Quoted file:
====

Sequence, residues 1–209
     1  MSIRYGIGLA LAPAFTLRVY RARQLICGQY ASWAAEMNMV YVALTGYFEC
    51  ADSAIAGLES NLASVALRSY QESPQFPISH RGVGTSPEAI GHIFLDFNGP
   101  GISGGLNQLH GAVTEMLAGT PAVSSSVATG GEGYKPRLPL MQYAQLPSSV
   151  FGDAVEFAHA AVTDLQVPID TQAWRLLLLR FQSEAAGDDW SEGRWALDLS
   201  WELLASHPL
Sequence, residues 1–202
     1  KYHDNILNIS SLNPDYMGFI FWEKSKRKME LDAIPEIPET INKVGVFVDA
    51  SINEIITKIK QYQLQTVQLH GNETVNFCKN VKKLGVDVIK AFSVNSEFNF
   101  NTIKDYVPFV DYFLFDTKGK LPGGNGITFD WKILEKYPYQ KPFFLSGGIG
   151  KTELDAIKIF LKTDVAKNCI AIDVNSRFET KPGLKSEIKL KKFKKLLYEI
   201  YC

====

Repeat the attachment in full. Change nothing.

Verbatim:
Sequence, residues 1–209
     1  MSIRYGIGLA LAPAFTLRVY RARQLICGQY ASWAAEMNMV YVALTGYFEC
    51  ADSAIAGLES NLASVALRSY QESPQFPISH RGVGTSPEAI GHIFLDFNGP
   101  GISGGLNQLH GAVTEMLAGT PAVSSSVATG GEGYKPRLPL MQYAQLPSSV
   151  FGDAVEFAHA AVTDLQVPID TQAWRLLLLR FQSEAAGDDW SEGRWALDLS
   201  WELLASHPL
Sequence, residues 1–202
     1  KYHDNILNIS SLNPDYMGFI FWEKSKRKME LDAIPEIPET INKVGVFVDA
    51  SINEIITKIK QYQLQTVQLH GNETVNFCKN VKKLGVDVIK AFSVNSEFNF
   101  NTIKDYVPFV DYFLFDTKGK LPGGNGITFD WKILEKYPYQ KPFFLSGGIG
   151  KTELDAIKIF LKTDVAKNCI AIDVNSRFET KPGLKSEIKL KKFKKLLYEI
   201  YC